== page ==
Construction has a reputation for being the most dangerous industry in the United States – and for good reason. According to the Occupational Safety & Health Administration, there were 4,679 fatalities on construction sites in 2014 alone.
Fortunately, there are several strategies that construction site supervisors can use to reduce the risk of worker injuries and deaths. As OHSA explains, employers must provide protective equipment and ensure that employees use them properly. Four of the most essential safety items include:
- And hard hats.
If you were injured on a worksite in Michigan, contact Christopher Trainor & Associates. A personal injury lawyer in Detroit will assess your case to determine if you have grounds for a claim. You may be entitled to compensation for lost income, health-care bills, and noneconomic damages.
Call 1-800-961-8477 to schedule a free case evaluation.
Here are four safety items that can prevent injuries and deaths on construction sites:
Construction sites are peppered with hazards, many of which can amputate fingers and hands. Workers can protect their digits by wearing the appropriate safety gloves for their specific jobs.
The right footwear can help construction workers avoid broken bones, lacerations, and amputated toes. You should purchase high-quality boots that are comfortable and meet the specific needs of your particular job. On construction sites, it is usually best to wear metal-toed, puncture-proof, slip-resistant boots with enhanced grip and ankle protection.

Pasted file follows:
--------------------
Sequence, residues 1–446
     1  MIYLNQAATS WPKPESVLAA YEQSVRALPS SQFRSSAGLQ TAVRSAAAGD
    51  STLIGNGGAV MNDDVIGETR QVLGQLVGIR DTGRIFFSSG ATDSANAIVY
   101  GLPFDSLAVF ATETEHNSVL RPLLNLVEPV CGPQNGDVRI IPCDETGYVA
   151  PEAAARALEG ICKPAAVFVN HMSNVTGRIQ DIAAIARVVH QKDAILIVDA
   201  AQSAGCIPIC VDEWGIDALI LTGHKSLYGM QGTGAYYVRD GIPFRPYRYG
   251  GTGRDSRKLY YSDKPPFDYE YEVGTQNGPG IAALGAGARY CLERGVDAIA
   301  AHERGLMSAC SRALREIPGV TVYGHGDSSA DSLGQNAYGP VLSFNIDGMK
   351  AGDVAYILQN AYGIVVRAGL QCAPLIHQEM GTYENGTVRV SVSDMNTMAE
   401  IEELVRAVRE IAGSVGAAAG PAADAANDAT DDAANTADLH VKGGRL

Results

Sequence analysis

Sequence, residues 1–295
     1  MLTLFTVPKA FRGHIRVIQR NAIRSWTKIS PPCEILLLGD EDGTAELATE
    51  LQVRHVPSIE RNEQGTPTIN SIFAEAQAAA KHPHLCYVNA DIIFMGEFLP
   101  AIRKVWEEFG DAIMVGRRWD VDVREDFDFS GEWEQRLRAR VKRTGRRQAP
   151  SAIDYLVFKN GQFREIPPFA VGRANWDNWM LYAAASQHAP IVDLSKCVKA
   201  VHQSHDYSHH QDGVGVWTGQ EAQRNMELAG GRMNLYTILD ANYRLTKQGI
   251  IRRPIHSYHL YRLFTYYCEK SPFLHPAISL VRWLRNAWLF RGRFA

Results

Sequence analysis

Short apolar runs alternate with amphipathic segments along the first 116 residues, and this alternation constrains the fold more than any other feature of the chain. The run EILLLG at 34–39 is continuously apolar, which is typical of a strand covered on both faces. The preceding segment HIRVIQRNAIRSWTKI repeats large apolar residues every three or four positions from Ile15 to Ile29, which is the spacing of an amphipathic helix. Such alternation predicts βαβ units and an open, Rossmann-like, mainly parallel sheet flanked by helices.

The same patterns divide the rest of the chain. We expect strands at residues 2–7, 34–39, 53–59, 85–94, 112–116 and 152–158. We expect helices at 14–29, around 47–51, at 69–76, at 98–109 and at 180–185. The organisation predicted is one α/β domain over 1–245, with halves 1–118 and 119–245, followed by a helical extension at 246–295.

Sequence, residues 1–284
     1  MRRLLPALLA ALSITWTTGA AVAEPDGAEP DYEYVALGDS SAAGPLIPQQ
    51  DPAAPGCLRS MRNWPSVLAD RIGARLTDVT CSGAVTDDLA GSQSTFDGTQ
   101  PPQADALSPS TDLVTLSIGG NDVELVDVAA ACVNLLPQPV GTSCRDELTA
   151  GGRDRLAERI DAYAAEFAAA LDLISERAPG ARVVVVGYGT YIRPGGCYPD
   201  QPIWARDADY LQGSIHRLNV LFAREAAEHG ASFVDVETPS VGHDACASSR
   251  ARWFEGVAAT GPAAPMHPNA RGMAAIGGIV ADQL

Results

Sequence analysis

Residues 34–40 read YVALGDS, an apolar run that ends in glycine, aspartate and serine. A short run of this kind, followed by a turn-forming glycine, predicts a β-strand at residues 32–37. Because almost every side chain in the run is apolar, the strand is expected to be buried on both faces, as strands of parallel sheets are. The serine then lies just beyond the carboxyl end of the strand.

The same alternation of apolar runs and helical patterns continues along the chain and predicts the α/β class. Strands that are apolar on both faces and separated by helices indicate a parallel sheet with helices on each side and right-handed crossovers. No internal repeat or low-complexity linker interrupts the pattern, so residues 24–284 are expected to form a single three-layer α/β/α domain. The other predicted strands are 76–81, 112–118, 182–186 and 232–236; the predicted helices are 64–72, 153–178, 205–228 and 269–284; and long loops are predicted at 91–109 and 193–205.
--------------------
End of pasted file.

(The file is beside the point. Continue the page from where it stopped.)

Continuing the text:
Workers must protect their faces and eyes from flying debris, chemicals, intense light, and other hazards. Employees should wear facemasks or safety goggles while performing any tasks that could injure their eyes.
According to the Centers for Disease Control and Prevention, 2,000 workers in the United States sustain eye injuries every day. Some will never see again; others suffer facial disfigurement along with eye damage. Many of these injuries could have been prevented by wearing the appropriate facial protection.
- Hard Hats
The Occupational Safety & Health Administration’s hard hat requirements are outlined in CFR 1910.135 and 1926.100. Specifically, workers must wear hard hats when there is a risk of injuries from flying or falling objects, electrical shock, or other impacts. Examples of these situations include:
- If an employee might hit his or her head on a beam, support, heavy machinery, or other equipment;
- If an employee might suffer a head injury due to debris or objects falling from above;
- And if an employee’s head might come into contact with exposed electrical wires.
If you were injured or lost a loved one in a construction site accident, contact Christopher Trainor & Associates. A Detroit injury attorney will evaluate your case, gather evidence, structure your claim, and handle settlement negotiations on your behalf.
Our office is available 24 hours a day, seven days a week. Call 1-800-961-8477 to schedule a free case evaluation.